Caroline Flint: The Department's National Framework for Mental Health, containing recommendations for dealing with people with a dual diagnosis of mental disorder and substance misuse, details best practice guidance on effective approaches to commissioning and the provision of treatment services. The framework advocates an integrated care mechanism for those diagnosed with both mental health and substance misuse problems, drawing on the expertise of all local providers, voluntary organisations and other to deliver effective service improvement.
The updated Models of Care for treatment of adult drug misusers, published in June 2006, reflects this link by emphasising the importance of drug treatment services developing integrated care pathways for vulnerable groups, including those with dual diagnosis to ensure optimum treatment outcomes for those in treatment. It should be noted that as the voluntary sector is a major provider in terms of drug treatment the links with mental health bodies, including those in the statutory sector are already well established and we will continue to use all available opportunities to maintain and strengthen these links.
Similarly, for alcohol misuse, the Department, in conjunction with the National Treatment Agency in June 2006 published Models of Care for Alcohol Misusers (MoCAM). This provides guidance to local national health service organisations in developing an integrated system of interventions and treatment to meet the needs of local people whose alcohol use is harmful. It is expected that MoCAM will be used by primary care trusts working in partnership with local commissioning groups and local service providers. This will include both the voluntary and mental health services.
To ask the Secretary of State for Defence what (a) deaths and (b) injuries to civilians in
Afghanistan during 2006 have given rise to Special Investigation Branch inquiries. 
Des Browne [holding answer 8 January 2007]: During 2006 the Special Investigation Board conducted one investigation relating to the death of civilians, following reports that civilians had been killed during an airstrike on 31 July in Helmand Province.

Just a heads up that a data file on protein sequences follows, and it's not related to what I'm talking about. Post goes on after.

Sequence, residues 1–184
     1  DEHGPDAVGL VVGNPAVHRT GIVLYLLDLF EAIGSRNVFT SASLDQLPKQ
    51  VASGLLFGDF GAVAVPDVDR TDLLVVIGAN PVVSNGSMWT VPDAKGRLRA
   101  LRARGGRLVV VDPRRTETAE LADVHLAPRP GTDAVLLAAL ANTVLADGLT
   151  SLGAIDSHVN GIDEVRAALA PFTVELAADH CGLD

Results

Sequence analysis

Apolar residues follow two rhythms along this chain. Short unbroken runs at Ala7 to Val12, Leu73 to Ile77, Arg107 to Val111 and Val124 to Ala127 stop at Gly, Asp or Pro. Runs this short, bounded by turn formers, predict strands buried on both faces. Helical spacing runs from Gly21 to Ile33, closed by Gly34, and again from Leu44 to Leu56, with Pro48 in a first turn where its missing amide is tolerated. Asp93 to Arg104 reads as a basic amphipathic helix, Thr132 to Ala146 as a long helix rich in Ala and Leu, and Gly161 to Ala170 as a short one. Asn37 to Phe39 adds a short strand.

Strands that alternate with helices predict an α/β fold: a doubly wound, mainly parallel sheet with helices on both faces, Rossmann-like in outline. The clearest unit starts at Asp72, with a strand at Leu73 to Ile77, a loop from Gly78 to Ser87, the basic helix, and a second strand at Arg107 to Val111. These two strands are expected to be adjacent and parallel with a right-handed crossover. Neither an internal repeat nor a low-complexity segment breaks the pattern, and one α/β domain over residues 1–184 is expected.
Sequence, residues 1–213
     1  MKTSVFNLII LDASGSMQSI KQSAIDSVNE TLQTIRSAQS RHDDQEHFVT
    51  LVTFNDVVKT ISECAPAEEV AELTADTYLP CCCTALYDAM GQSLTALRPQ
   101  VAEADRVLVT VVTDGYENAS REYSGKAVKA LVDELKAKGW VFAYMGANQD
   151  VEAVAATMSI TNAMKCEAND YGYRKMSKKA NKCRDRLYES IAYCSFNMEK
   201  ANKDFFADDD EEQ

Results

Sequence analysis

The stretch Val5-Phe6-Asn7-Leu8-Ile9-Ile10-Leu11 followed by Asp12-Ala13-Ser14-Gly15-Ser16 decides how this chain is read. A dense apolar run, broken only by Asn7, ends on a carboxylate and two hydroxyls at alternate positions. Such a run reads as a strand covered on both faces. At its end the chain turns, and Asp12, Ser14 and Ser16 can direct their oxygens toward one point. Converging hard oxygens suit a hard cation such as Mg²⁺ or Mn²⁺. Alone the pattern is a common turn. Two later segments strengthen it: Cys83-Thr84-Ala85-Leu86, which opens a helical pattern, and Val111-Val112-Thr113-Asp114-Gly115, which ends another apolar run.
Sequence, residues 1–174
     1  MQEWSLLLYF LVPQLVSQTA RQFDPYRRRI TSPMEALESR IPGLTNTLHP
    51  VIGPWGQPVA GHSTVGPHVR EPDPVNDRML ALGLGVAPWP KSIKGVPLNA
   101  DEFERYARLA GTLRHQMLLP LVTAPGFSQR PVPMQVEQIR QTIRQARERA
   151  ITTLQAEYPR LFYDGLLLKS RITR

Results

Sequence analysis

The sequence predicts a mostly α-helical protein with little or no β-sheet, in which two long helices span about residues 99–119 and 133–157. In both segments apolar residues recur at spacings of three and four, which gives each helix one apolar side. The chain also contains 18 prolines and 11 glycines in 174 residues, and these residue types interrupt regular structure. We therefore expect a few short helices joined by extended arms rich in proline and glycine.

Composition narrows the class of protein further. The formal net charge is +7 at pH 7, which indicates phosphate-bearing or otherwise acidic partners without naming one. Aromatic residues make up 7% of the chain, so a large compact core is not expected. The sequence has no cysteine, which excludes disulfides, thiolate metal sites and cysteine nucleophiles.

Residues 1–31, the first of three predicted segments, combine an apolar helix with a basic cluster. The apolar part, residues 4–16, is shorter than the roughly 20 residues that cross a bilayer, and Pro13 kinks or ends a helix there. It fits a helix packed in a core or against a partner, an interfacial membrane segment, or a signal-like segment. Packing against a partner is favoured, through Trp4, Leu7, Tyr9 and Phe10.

Mr. Kidney: To ask the Secretary of State for Defence what support his Department plans to provide from April 2007 onwards to enable bereaved families to visit the graves overseas of family members who died while in the armed services. 
Derek Twigg: Since 1963, for Northwest Europe, and 1967 for the rest of the world, the Ministry of Defence has offered to repatriate the bodies of all those who die in military service, for burial in the United Kingdom. However, if the family elect to have a funeral overseas, the Ministry of Defence will pay for the next of kin and a companion to attend at public expense and, should local conditions prevent their attendance, then a visit to the grave may be arranged up to two years after the death. While this policy of repatriation was not made retrospective, in the event of the discovery of identifiable human remains on a historic battlefield, or crash site, the Department will, assuming we can trace their relatives, provide the opportunity for two people to attend the service funeral at public expense.
In addition, since 1985, widows and widowers whose husband or wife died overseas as a result of service in HM armed forces between 1914 and 1967 have been entitled to visit their spouse's grave/memorial through the Government funded war widow/ers pilgrimage scheme, provided they have not done so before at public expense. The scheme also funds a carer to accompany the widow/er on the UK section of the pilgrimage, from which point appropriate care is provided. We review periodically the administration of the scheme, which is administered for the Department by the Royal British Legion, but we have no plans to change our policy for eligible war widow/ers to visit their spouse's grave/memorial.
Derek Twigg: The number of trained military chaplains in the UK Regular Forces in each of the last five years broken down by rank and service is shown in the following table. In addition to the Christian chaplains shown, chaplains from the four main non-Christian faiths were appointed in October 2005, one each from the Hindu, Buddhist, Muslim and Sikh faiths. These chaplains are MOD civil servants rather than service personnel. There is also an honorary officiating chaplain to minister to those of the Jewish faith.
|As at 1 April each year|
|Rank||2001||2002||2003||2004||2005||2006||1 November 2006( 1)|